Women and HIV, IX International Conference on AIDS HighlightsDate: June 1, 1993
Source: National Institutes of Health (NIH)
Author: National Institute of Allergy and Infectious Diseases (NIAID)
The following are several summaries from three studies supported by the National Institute of Allergy and Infectious Diseases (NIAID): the Heterosexual HIV Transmission Study (HATS), the Women and Infants Transmission Study (WITS) and the Women's AIDS Cohort Study (WACS), which are scheduled for presentation at the IX Conference on AIDS in Berlin, Germany. All information from these summaries is embargoed until presentation time. To pursue these or related stories, call the NIAID Office of Communications at (301) 402-1663.
NIAID began HATS, in collaboration with the Centers for Disease Control and Prevention, in 1990 to examine risk factors influencing the transmission of HIV from men to women. NIAID established WITS in 1989, in conjunction with the National Institute of Child Health and Human Development, to address specific questions relating to the natural history of HIV infection in women, including gynecologic complications. In 1992, NIAID funded WACS at the State University of New York Health Science Center in Brooklyn to recruit and follow 450 HIV-infected women. WACS assesses the acquisition and natural history of selected sexually transmitted diseases to determine the effect of HIV infection on gynecologic health among injection and non-injection drug using women.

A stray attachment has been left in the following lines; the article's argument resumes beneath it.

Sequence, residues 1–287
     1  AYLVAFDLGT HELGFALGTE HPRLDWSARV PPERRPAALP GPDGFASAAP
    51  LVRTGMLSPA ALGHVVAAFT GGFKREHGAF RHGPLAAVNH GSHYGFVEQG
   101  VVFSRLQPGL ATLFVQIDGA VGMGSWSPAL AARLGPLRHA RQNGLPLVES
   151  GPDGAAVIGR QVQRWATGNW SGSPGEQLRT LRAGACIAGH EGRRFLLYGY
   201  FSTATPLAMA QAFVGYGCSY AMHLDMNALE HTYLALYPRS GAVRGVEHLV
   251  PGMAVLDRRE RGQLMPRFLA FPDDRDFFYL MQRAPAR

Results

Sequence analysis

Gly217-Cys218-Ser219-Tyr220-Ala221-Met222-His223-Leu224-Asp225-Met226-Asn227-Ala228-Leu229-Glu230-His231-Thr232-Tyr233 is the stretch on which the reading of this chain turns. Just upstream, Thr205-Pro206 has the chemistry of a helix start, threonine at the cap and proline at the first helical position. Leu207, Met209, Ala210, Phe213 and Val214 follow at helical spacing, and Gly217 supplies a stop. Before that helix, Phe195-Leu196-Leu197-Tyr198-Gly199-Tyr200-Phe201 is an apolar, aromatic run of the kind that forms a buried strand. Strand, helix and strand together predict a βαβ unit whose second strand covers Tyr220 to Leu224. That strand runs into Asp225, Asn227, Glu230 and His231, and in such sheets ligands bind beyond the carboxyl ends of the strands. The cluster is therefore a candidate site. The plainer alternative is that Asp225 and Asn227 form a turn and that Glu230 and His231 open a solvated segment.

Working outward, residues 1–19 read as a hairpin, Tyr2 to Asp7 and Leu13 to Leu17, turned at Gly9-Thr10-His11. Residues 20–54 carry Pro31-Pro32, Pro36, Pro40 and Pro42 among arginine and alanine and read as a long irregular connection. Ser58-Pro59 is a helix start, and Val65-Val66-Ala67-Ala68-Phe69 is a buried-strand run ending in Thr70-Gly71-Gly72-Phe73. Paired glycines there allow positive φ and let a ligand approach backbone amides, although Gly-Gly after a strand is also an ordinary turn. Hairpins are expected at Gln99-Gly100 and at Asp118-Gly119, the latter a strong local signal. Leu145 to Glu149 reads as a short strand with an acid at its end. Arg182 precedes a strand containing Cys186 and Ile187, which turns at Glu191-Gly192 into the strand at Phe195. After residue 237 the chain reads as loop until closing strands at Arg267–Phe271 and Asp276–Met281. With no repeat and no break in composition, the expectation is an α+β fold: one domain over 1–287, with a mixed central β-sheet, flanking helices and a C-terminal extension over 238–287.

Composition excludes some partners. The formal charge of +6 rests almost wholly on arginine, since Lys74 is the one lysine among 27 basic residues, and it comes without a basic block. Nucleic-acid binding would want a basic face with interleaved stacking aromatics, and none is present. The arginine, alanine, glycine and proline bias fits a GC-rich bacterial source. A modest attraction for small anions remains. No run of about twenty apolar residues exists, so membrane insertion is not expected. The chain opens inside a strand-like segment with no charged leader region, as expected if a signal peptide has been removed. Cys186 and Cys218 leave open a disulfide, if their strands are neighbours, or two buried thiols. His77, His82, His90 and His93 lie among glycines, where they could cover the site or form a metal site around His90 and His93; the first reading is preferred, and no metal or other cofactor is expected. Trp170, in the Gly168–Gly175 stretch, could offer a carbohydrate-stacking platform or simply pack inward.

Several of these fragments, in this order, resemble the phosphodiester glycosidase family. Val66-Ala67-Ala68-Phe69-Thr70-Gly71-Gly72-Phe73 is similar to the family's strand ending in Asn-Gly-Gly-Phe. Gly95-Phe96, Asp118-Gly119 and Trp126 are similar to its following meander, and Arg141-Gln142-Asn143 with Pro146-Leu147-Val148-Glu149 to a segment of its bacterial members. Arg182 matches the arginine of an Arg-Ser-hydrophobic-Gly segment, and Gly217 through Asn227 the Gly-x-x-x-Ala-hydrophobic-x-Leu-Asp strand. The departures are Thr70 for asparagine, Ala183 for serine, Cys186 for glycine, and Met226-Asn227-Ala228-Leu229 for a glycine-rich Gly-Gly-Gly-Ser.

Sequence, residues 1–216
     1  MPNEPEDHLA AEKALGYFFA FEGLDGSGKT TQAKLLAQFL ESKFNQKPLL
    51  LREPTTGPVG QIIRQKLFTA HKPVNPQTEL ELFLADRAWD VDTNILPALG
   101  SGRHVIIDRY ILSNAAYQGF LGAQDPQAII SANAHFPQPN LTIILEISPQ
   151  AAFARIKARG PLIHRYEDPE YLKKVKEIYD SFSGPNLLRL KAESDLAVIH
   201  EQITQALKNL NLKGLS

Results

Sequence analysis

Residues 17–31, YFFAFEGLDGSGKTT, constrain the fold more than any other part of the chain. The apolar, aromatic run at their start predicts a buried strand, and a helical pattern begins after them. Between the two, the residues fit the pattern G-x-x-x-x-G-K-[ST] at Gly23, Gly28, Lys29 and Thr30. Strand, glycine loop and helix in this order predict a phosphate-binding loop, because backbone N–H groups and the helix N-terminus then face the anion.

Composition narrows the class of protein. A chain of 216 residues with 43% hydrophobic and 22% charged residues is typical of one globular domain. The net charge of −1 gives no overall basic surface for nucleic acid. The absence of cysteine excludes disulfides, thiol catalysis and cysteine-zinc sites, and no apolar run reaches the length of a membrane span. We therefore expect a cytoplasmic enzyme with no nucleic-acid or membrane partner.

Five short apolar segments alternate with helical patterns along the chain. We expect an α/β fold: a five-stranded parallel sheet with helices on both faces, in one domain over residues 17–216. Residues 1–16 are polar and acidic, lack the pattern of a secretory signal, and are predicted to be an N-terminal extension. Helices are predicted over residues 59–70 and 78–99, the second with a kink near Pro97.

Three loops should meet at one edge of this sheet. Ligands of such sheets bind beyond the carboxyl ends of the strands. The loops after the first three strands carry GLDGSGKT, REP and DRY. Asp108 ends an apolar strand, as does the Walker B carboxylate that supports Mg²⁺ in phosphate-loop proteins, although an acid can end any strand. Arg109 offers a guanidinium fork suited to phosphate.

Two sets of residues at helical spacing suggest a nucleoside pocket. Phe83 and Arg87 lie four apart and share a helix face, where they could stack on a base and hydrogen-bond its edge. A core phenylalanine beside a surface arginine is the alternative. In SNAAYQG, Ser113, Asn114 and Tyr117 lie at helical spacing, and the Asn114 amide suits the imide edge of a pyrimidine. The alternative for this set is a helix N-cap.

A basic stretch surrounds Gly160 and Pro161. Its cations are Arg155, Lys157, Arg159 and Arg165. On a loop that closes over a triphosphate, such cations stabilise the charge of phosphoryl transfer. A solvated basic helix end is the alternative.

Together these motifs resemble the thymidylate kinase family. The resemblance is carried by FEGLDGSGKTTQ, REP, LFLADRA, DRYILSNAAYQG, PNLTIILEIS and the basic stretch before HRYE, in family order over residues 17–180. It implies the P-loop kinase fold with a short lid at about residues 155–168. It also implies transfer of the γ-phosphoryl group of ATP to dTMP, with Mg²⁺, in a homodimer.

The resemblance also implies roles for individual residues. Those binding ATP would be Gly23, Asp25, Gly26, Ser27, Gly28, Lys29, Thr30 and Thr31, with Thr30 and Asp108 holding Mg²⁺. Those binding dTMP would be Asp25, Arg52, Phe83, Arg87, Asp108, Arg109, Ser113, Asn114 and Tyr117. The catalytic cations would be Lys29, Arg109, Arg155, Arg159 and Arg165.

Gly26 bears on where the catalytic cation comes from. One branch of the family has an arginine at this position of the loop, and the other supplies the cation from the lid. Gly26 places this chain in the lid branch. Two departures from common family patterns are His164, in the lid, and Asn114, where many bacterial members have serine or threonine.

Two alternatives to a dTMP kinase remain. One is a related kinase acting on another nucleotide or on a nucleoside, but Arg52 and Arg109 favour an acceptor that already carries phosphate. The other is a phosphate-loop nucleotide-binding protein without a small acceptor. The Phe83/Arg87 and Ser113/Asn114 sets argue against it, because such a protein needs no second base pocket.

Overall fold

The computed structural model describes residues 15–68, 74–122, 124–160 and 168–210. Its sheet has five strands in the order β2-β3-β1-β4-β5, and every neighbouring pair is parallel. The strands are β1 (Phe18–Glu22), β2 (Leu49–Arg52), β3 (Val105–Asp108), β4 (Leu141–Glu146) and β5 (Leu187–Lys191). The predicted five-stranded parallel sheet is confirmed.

NIAID, a component of the National Institutes of Health (NIH), supports research on AIDS, tuberculosis, allergies, immunology and infectious diseases. NIH is an agency of the U.S. Public Health Service, part of the U.S. Department of Health and Human Services.
HIV-Infected Women More Likely To Use Condoms, Reduce Risk of Transmitting Virus Poster, Tuesday, June 8, 11:30 a.m. (5:30 a.m. EDT)
A study of women in Brooklyn, N.Y., infected with HIV found evidence that the women are leading safer and healthier lives. Jointly sponsored by NIAID and the Centers for Disease Control and Prevention, the study found that HIV-infected women had reduced their number of sex partners, increased their use of condoms and showed a trend toward stopping their use of illegal drugs.